Digital Access

May 2021 View more

By Matt Le Cren

Megan Keefer is eager to make a difference. The 2017 Neuqua Valley alum graduated a year early from the University of Illinois with a degree in social work last summer.

But with the job market decimated by the coronavirus pandemic, Keefer spent several months babysitting and planning her upcoming wedding to fiancé Alvin Fernandez. Then in January, she was hired as development and events coordinator for the Chicago and Northern Illinois chapter of Comp-U-Dopt (, a nonprofit that provides technology access and education to underserved youth.

The Houston-based organization, which was founded in 2007, expanded to 13 cities in 2020 and provides free computers and two years of tech support to households that do not own a computer. Keefer works in its Downers Grove office but is involved with distribution events in the Chicago metro area, such as the Something Good in Englewood Resource Fair in February.

“Serving Chicago has been something that I had a desire to do,” Keefer said. “Comp-U-Dopt seemed to align with a lot of the things I was passionate about doing, so I’m doing fundraising and mission trips, which I have a lot of experience with.”

Indeed, Keefer has been going on mission trips to Haiti with her older sister, Courtney, and parents, John and Laura, for over a decade. She and Courtney were instrumental in bringing their adopted brother James, 13, home to Naperville from Haiti.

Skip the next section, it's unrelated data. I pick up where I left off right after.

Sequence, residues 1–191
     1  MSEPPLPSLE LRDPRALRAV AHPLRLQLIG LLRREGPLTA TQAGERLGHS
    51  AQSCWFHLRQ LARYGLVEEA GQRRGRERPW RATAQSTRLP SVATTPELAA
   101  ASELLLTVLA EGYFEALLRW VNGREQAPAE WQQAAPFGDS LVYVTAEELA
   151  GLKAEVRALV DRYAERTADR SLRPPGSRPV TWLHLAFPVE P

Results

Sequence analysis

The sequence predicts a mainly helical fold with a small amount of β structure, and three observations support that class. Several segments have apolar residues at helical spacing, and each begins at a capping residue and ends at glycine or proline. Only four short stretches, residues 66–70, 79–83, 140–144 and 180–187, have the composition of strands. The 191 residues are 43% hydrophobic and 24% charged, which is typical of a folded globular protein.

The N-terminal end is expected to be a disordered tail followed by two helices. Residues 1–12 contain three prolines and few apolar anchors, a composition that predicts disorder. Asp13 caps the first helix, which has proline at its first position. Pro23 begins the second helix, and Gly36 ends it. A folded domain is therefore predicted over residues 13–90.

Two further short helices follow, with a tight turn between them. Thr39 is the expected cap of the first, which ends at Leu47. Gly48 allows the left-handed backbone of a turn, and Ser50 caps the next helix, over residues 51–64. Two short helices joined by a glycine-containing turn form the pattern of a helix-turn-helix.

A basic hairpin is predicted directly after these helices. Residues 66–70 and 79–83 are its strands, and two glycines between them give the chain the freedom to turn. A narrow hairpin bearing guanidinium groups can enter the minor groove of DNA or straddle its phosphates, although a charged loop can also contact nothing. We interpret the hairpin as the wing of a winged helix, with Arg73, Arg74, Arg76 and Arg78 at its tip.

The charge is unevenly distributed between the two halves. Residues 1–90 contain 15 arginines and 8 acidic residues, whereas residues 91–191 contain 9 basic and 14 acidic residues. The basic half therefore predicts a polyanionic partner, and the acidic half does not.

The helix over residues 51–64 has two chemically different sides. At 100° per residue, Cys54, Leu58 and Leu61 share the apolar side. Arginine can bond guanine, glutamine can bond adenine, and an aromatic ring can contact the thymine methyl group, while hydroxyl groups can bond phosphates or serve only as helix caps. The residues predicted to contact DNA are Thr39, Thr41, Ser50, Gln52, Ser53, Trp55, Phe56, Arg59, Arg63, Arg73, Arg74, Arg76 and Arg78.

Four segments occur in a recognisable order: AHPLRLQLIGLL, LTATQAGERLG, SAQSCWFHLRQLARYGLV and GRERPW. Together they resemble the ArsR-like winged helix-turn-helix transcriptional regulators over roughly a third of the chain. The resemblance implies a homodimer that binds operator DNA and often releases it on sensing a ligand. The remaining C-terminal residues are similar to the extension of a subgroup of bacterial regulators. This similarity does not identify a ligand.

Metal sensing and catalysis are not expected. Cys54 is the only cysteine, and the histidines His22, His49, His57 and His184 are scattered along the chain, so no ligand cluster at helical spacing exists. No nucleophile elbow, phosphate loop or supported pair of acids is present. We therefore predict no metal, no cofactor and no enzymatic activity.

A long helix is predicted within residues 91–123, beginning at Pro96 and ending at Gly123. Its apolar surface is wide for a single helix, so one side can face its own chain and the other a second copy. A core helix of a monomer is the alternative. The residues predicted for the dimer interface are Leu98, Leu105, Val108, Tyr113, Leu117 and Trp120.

Keefer, 21, played basketball for coach Mike Williams at Neuqua Valley, who remembers her drive and compassion.

“You can’t find a kid who is more humble and modest and giving than Megan,” Williams said. “She’s a great competitor, not just on court, but in life as well. She’s looking to change the world.”

To that end, Keefer feels she has found an ideal partner in Comp-U-Dopt, which by refurbishing and donating computers has kept about 330 tons of e-waste out of landfills.

“When the pandemic hit and everything went virtual, it really showed how the digital divide is very prevalent in our nation,” Keefer said. “So Comp-U-Dopt decided to take this program model—distributing computers and technology education—and expand it across the nation.”

Working for Comp-U-Dopt has allowed Keefer to expand her horizons.
“They really want to invest in not just the people they serve, but the people that are working for them,” Keefer said. “So as a young person graduating into a really tough corporate world where there is a lot of competition and drive, I felt that this is a company that is going to really invest in me just as much as they are going to utilize my gifts.”

Kaia Dutler, who is Comp-U-Dopt’s executive director of the Chicago and Northern Illinois region, said Keefer is a perfect fit.

“Megan has done a phenomenal job and has been a great asset to our team already,” Dutler said. “She knows how to make things happen and isn’t afraid to jump right in and try new things.”

Photos by Elisabeth Neely